Cucumber Craziness 

Whilst I’m at it, I might as well share some of my favourite cucumber recipes. So far, I can offer Chinese 拍黄瓜 (2 versions), Taiwanese 凉拌黄瓜 (pictures to follow)and Korean pickled cucumber 오이나물, all of which make for great cold starters or side dishes.

Chinese cucumber I:

拍黄瓜literally means beaten/smashed cucumber, and that is exactly what you do.

Ready to get rid of some pent-up anger? Need to relieve some inner tension?

This is, most certainly, one of the tastiest (if slightly messy) ways of doing so!

For best results, use a proper vegetable knife or cleaver.

Place the cucumber on a chopping board and remove any object in the near vicinity.

Use the flat side of the blade to smash the cucumber (I usually cut the cucumber into a few pieces first to somewhat reduce the splashing) until it breaks apart.

Cut the fragments into bite-sized pieces and place in a bowl. Sprinkle with salt.

Next, mince garlic and, optionally, crush some dried chillies. Mix with cucumbers.

Then add vinegar ( I prefer white rice vinegar for this dish, but brown vinegar will do nicely, too), a hint of soy sauce and a few drops of sesame oil.

Place lid on bowl and shake well, then serve immediately.

Chinese cucumber II:

This is a somewhat spicier version with peanuts, chopped, not smashed 🙂

You need:

1 cucumber, obviously.

soy sauce (light), about 1.5 tsp

1tbsp salt

1 spoon of sugar (you can also use honey instead, too sickly sweet for my liking tho)

1-2 spoons of vinegar (white rice or dark)

1 tbsp of sesame oil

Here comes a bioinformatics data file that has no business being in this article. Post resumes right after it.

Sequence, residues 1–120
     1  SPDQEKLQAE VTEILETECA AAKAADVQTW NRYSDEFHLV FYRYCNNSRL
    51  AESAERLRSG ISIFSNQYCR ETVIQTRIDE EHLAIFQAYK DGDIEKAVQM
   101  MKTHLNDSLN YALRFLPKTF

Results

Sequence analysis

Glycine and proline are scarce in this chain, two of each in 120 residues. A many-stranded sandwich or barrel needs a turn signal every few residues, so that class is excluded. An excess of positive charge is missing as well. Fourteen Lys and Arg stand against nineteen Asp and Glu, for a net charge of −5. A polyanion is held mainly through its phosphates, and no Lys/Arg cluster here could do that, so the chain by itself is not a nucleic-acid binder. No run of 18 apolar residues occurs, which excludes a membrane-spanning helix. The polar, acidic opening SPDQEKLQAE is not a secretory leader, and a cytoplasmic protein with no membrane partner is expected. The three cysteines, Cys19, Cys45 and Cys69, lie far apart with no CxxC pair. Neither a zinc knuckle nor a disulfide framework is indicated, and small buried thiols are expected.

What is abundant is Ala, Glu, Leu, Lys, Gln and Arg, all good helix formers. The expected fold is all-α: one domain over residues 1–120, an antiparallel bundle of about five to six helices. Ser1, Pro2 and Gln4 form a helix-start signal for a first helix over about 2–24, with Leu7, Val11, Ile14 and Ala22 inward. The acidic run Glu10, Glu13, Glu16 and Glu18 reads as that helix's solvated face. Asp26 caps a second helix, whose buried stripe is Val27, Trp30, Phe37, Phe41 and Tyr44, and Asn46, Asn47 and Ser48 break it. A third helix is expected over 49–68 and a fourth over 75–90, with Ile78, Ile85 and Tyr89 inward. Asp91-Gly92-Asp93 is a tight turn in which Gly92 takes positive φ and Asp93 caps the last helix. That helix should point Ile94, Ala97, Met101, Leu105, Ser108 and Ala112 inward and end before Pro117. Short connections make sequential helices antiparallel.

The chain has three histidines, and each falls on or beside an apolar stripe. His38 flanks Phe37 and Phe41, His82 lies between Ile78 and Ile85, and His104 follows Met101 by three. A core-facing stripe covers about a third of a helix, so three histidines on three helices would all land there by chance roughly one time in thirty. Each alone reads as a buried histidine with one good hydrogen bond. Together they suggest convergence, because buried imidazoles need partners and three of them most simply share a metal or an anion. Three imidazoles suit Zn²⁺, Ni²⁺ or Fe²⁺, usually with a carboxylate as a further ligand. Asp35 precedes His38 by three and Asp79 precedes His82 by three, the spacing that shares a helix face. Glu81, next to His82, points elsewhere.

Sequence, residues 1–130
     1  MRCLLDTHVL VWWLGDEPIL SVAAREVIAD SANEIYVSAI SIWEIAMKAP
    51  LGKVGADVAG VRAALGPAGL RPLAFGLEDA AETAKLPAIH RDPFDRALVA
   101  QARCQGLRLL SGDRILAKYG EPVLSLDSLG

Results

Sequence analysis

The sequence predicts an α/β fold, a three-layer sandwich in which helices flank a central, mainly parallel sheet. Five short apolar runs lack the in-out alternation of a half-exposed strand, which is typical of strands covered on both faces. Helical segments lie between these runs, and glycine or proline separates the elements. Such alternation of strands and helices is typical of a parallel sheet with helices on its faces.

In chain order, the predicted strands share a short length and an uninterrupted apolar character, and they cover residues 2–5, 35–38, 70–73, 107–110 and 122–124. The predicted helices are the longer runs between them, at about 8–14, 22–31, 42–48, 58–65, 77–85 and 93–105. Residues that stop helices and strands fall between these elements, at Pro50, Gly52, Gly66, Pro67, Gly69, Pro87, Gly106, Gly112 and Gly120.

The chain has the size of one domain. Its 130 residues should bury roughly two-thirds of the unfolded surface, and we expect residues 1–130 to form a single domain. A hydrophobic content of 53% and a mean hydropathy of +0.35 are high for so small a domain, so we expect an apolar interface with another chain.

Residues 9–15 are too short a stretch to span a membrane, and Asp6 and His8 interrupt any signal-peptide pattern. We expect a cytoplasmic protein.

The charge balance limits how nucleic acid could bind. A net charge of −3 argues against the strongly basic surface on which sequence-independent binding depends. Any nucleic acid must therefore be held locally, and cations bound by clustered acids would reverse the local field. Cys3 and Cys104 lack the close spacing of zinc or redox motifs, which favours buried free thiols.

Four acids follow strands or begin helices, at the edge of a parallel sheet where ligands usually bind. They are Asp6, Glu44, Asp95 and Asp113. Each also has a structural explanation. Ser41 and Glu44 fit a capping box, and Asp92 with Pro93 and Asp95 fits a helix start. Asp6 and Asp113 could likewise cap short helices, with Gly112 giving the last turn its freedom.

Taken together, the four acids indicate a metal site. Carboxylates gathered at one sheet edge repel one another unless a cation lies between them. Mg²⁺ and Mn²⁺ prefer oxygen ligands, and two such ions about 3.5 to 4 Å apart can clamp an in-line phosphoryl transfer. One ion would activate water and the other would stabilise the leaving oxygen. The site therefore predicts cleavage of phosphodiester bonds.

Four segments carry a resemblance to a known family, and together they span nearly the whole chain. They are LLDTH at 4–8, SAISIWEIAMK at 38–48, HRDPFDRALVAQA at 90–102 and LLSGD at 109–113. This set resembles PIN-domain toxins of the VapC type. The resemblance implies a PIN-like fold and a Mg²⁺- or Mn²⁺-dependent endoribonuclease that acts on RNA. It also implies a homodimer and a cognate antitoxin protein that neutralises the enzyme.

1-2 cloves of garlic, crushed and minced

chilli flakes

a handful of untreated peanuts

Preparation:

Slice cucumber length-wise and cut into 3cm strips.

Mix soy sauce, salt, sugar and vinegar in a small bowl.

Heat sesame oil in a small pan, add chilli flakes and stir-fry over low heat to release the fragrance. As you take the pan off the heat, put in garlic and stir, then mix the content with the ingredients in the bowl. pour over cucumber, toss lightly and place in refrigerator.

Before serving, roast peanuts in little oil until they turn a golden brown. Sprinkle over cucumbers and serve.

This dish tastes even better on the second day, provided you have any left!

Korean cucumber:

This is a very easy, quick-to-make side dish, also perfect for bibimbap (see previous blog post). For best results, pickle several hours in advance and place in fridge.

Slice cucumber into very thin slices, mix with salt and leave for 20 minutes, then rinse with cold water. Drain off excess liquid in a colander and gently squeeze cucumbers dry. Return to bowl.

Mix rice vinegar with sugar and chilli powder (or sweet pepper powder). Cover bowl and place in fridge. Serve chilled.

As for the Taiwanese version, I don’t have any pictures just yet, but the recipe goes as follows:

Cut cucumber into strips (similar to Chinese cucumber II).

Heat 2 spoonfuls of white vinegar, add two spoons of sugar and wait until it has completely dissolved. Let mixture cool down, then pour over cucumber.

Add chillies if required and place in the refrigerator for at least a few hours.

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